5 Best Investment Accounts for Young Adults and Investors

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5 Best Investment Accounts for Young Adults and Investors
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An investment account is not the same as a checking or a savings bank account. What’s more, it is not used in the same way either.

If you consider opening one, we invite you to discover more closely what it is, how it is used, and how many types of investment accounts there are for you to choose according to your goals or needs.

With an investment account, you can invest money through trading instruments. That is –unlike other types of accounts including money market accounts with higher interest rates– the client deposits money in order to invest in shares or stocks, derivatives, bonds, funds, and even real estate and retirement plans.

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If you want to know more about investment accounts, what types there are, and how they work, just keep reading!

5 Investment Account Types

IRA

One of the several types of investment accounts is the Individual Retirement Account (IRA). According to Investopedia, with an IRA “you can invest in all sorts of traditional financial assets such as stocks, bonds, exchange-traded funds (ETFs), and mutual funds.”

They are a simple way to save for retirement as they offer many tax advantages and the opportunity to earn income during those long-awaited days.

The IRA allows you to move toward achieving your goals and secure income for your family.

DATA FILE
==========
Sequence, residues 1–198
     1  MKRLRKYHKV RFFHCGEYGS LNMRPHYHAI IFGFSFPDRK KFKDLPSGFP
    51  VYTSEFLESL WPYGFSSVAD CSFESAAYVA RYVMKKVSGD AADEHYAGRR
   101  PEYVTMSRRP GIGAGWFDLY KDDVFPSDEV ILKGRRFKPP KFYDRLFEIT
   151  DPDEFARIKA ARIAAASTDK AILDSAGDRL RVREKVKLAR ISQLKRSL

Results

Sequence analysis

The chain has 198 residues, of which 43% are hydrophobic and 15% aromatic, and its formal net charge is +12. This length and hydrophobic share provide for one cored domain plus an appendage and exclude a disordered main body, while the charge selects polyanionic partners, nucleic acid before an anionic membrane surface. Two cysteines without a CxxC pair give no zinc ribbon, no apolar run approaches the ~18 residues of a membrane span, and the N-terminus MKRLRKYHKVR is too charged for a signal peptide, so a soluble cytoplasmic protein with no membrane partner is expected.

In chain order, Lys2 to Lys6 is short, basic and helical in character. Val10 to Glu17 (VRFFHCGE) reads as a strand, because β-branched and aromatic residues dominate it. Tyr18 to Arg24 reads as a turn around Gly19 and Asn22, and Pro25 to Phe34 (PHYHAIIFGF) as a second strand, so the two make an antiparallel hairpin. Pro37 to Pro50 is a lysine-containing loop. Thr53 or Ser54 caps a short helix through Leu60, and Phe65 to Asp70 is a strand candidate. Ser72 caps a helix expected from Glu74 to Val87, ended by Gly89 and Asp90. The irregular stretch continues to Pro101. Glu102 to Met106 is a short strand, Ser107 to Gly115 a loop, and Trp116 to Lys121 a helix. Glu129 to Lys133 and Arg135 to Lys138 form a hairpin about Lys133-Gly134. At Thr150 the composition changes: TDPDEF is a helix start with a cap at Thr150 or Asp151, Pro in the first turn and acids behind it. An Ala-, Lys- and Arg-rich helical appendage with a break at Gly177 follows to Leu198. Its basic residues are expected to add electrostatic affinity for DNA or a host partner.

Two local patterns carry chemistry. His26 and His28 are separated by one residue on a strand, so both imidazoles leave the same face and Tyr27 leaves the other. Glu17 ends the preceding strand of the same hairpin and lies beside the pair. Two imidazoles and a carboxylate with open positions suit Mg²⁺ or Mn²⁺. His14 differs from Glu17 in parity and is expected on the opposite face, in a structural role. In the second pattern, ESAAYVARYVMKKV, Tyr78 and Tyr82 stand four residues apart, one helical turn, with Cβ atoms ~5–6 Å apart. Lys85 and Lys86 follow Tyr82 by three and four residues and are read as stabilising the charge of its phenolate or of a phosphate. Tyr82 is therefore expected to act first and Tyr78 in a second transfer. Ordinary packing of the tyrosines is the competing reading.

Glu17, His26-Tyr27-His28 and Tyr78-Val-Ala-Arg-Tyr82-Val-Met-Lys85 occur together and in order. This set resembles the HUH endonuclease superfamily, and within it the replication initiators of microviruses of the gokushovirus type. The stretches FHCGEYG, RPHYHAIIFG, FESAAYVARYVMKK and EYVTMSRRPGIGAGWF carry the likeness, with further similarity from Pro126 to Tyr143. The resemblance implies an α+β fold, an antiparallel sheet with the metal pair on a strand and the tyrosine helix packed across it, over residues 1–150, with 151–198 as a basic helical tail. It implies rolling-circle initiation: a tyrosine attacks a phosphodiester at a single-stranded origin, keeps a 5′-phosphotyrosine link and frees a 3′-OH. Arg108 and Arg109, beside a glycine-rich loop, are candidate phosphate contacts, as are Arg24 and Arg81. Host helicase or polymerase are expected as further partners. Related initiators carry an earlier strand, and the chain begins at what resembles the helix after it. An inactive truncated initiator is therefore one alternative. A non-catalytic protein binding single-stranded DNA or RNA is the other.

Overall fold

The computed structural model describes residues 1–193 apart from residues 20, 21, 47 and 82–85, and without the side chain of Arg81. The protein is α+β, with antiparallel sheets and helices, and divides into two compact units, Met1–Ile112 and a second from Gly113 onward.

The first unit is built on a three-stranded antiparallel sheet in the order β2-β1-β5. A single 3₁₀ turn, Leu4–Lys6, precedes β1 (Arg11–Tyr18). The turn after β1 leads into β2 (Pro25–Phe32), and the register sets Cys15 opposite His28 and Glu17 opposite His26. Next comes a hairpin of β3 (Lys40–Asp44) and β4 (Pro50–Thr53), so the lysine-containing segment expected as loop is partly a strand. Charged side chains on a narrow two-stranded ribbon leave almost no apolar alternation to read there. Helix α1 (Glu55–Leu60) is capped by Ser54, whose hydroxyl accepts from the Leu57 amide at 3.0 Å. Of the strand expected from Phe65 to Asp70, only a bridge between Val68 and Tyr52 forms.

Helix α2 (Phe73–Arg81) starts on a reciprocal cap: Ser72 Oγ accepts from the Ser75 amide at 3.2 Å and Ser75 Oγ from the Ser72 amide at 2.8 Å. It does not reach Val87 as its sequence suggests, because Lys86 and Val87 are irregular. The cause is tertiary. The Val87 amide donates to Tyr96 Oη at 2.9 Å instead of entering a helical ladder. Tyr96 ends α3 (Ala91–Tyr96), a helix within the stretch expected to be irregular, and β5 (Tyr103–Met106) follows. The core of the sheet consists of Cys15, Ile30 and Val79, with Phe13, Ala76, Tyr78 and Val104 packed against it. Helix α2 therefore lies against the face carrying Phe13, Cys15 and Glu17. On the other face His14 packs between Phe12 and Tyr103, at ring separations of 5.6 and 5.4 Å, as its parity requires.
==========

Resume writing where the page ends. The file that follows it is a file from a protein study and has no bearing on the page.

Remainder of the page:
Pros

Perhaps the first and most obvious advantage of an IRA is that it offers you the possibility to secure income for retirement. This might sound very self-explanatory but many people keep postponing this and suddenly they see themselves and their loved ones in trouble.

According to the Bureau of Labor Statistics, barely 60% of Americans had access to an employer-sponsored retirement plan in 2020.

In detail, an IRA brings you tax benefits because all the earnings you generate with those savings will not pay a single dollar in taxes.

For example, if you managed to have $1,000 in a non-IRA investment account, you must subtract the tax money. With the tax benefits of an IRA –no matter if it is Roth or traditional– your money will grow faster and in greater amounts.

Further, the IRA is an account that will stay with you forever, regardless of your changes at work, and that is the third advantage.

Since employers pay a 401k account for your retirement –we’ll get to that later– you don’t have control over that money. If you quit your job, you will no longer be able to contribute to the 401k and years and years can go by as your money stagnates.

So, with an IRA, it is very easy to transfer money from your 401k so you can have control over your money, savings, and returns.

Cons

One drawback of IRA accounts is that they have strict contribution limitations. So, if you are 50 or older, you can contribute up to $7,000 as established for 2020 and 2021.

However, if your Modified Adjusted Gross Income (MAGI) goes beyond a certain limit, you could not be able to contribute to a Roth IRA.

Further, you might be penalized for withdrawing your money in advance as the account is intended for when you reach retirement age. If you’re contributing to a traditional IRA, the penalty could account for 10% on top of the taxes owed for any withdrawals before age 59 and a half.